I agree. But I don't care, and neither do a lot of self-pubbed authors. Yes, it would be nice to have my print books in all bookstores and Wal-mart, but I made a million dollars in 2013 without that happening. I don't need those sales to make a nice living. You go on to say as much in the next paragraph, but you may not realize this is happening right now.

Don't discount self-publishing as a Big 5 killer. For every publicized story of a self-pubbed writer taking a legacy deal, there are many who refuse deals, or don't even bother submitting to publishers. What happens when publishers run out of good submissions?

Mike: I think I personally have been a) fully cognizant of the possibility that what is in view isn't totally taking indie publishing into account and b) clear about the fact that is *slowing *is the *rate of growth*, which would necessarily be the case as the market got so much bigger.

Joe adds: Yet your blog post focuses on how the future of bookstores--not authors--is the key to understanding the future of publishing. In your economical 1600 word post, you focus on authors for 117 words. You present the possibility that publishers may have to offer authors higher royalty rates, shorter contract terms, and more frequent payments, then immediately say the marketplace hasn't been forced to do that yet, and if bookstores hold their own they may not need to for a long time.

This, as David Gaughran says later in the comments (repeated below) is dismissive.

As for the ebook rate of growth slowing, since it is still growing there are apparently are not as many "persistent print readers who just won’t make the switch" from paper to ebook as you believe. Either the whole pie is growing (paper readers are the same numbers, ebook readers are getting larger), both segments are growing, or ebooks are cannibalizing paper sales. Which, incidentally, is why those sneaky price-fixing publishers were slapped by the DOJ; they wanted to slow the growth of ebooks and protect the sales of print, where they controlled distribution.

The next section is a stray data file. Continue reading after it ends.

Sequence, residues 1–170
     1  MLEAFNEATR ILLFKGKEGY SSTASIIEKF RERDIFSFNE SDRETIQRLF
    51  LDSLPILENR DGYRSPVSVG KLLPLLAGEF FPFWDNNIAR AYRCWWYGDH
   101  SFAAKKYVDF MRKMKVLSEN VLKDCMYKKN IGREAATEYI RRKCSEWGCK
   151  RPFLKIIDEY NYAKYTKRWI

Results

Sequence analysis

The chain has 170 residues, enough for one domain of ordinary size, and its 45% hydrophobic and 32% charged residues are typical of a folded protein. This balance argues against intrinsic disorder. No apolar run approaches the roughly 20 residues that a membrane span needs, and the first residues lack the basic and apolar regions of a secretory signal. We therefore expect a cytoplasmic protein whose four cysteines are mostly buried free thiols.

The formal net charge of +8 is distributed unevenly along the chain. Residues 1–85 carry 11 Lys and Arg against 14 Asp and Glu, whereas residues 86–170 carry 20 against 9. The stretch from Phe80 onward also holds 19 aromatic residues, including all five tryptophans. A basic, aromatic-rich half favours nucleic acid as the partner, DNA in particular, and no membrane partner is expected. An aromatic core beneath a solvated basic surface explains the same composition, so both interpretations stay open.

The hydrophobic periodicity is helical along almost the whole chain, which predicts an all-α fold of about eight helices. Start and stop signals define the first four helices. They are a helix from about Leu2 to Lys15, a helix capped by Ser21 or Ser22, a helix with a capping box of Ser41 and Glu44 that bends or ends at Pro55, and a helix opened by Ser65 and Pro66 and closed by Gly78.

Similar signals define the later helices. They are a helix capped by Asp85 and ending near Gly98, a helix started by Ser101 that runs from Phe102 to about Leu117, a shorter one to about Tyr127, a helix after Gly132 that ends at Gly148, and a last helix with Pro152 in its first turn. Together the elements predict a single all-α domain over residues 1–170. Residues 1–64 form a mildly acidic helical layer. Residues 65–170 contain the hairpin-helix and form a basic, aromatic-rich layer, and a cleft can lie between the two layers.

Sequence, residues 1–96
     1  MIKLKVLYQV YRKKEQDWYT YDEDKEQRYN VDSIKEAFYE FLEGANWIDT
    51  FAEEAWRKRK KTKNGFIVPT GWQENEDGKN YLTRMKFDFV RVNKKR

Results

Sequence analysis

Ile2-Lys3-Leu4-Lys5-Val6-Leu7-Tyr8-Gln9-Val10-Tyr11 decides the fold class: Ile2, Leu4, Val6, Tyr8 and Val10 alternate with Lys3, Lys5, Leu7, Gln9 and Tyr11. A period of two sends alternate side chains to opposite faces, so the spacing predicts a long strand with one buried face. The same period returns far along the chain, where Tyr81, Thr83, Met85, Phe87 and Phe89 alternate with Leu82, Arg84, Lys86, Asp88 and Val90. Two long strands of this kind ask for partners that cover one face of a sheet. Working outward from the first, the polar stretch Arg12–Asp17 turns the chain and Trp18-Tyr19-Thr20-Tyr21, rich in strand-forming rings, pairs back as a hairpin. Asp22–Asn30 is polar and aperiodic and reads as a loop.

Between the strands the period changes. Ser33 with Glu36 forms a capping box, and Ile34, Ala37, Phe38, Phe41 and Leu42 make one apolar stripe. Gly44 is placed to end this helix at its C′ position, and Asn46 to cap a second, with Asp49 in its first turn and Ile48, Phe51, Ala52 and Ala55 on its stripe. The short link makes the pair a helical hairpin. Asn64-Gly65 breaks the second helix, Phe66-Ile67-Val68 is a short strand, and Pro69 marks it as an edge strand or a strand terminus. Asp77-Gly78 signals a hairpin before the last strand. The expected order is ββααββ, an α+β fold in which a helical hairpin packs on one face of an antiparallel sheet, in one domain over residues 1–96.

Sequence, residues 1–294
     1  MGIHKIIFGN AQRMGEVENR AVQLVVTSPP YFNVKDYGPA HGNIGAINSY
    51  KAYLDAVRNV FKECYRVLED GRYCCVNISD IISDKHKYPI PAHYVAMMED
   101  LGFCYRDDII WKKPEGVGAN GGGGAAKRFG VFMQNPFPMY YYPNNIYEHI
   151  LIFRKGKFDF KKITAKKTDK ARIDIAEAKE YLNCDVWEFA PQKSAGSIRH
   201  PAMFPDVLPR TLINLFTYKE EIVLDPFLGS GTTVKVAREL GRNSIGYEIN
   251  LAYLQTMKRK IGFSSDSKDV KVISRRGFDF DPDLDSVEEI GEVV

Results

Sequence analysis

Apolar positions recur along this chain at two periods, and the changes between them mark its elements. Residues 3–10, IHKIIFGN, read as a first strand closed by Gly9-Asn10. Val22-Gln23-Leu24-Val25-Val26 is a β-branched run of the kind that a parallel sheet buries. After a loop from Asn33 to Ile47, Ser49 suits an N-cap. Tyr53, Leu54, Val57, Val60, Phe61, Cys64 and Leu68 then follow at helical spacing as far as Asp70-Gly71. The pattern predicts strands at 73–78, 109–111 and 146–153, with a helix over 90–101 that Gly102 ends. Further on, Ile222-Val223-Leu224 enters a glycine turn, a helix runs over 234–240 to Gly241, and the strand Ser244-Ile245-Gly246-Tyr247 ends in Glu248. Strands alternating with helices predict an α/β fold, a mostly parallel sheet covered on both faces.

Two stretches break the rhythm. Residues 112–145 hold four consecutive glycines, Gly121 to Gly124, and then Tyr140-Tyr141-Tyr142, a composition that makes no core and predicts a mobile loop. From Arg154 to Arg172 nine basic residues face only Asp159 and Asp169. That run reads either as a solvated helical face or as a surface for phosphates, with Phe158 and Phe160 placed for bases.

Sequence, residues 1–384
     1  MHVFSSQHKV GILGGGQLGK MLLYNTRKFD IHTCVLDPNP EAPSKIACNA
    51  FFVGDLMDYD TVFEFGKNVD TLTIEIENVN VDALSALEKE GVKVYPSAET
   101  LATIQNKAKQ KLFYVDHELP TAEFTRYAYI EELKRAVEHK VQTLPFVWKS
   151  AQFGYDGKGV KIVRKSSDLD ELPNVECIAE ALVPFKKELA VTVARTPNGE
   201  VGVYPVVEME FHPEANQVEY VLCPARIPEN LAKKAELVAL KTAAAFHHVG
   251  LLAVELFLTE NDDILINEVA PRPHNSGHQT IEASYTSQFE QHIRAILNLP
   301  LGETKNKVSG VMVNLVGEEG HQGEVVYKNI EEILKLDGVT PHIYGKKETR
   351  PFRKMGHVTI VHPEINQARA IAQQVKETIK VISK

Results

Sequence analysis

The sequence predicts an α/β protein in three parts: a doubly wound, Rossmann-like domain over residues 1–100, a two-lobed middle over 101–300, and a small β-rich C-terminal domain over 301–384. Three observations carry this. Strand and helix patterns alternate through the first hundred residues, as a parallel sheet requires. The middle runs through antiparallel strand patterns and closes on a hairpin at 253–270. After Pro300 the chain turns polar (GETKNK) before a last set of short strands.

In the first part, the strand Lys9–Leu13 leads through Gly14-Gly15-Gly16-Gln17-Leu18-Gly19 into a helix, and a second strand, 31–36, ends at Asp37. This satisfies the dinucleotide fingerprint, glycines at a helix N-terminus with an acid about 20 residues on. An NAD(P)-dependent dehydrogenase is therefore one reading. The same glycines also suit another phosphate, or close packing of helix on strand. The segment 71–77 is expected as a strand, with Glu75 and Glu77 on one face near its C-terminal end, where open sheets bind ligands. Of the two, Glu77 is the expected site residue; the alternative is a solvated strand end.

Mike: But the effect is not really as big as you make it, because such a high proportion of the indie units are at very cheap prices and such a high proportion of the Big Five units are at prices you'd probably consider extortionate (although, thanks to both self-publishing and the DoJ, the prices for the Big Five books are coming down, probably to the detriment of fledgling writers who are losing their opportunity to make noise at the low end of the market.) So if 25% of Nook sales are indie authors, I'd hunch that the percentage of dollars they represent is closer to 10%. It might be less.

Joe adds: And it might be more. Neither of us know.

Mike: And while I'm not in their number and obviously you aren't either, there are still a very large number of print book readers, many of whom (as you point out) MUST have a perfectly serviceable reading device in their possession, who just DON'T WANT to read digitally, they want to read print. They may actually still be a majority of the people, all these years into the digital revolution! And a big chunk of *them *really want to buy their books in a store. Stubborn luddites though they may be, they do exist in substantial numbers. And they aren't all geriatrics.

Joe adds: Or those print readers MIGHT be shrinking, both as a static group and percetnage-wise in relation to the growing number of ebook readers, and some of them MIGHT eventually switch to ereaders (you know those late adopters and laggards Evert Rogers talks about) and some MIGHT switch to buying their paper online, since going to a local B&N means half the selection it had five years ago.

Mike: I think the demise of the establishment happens a bit more slowly than some enthusiasts for the future may expect. I am sure you have the humility to reflect on that fact from time to time, even though it would probably be a bad strategy to admit it out loud (and I've never known you to do that.)

Joe: You said:

"(although, thanks to both self-publishing and the DoJ, the prices for the Big Five books are coming down, probably to the detriment of fledgling writers who are losing their opportunity to make noise at the low end of the market."

We're still making noise, Mike. Ebooks aren't zero sum. A $2.99 Hachette ebook doesn't compete with mine. Instead, if gives readers the ability to buy more of my ebooks, because Hachette is no longer charging $15.99.

You said:

"So if 25% of Nook sales are indie authors, I'd hunch that the percentage of dollars they represent is closer to 10%. It might be less."

Dollars for whom?

Think about that. Those are authors making higher royalties than they can through legacy, and that's 10% of all ebook revenue that legacy publishers are missing out on.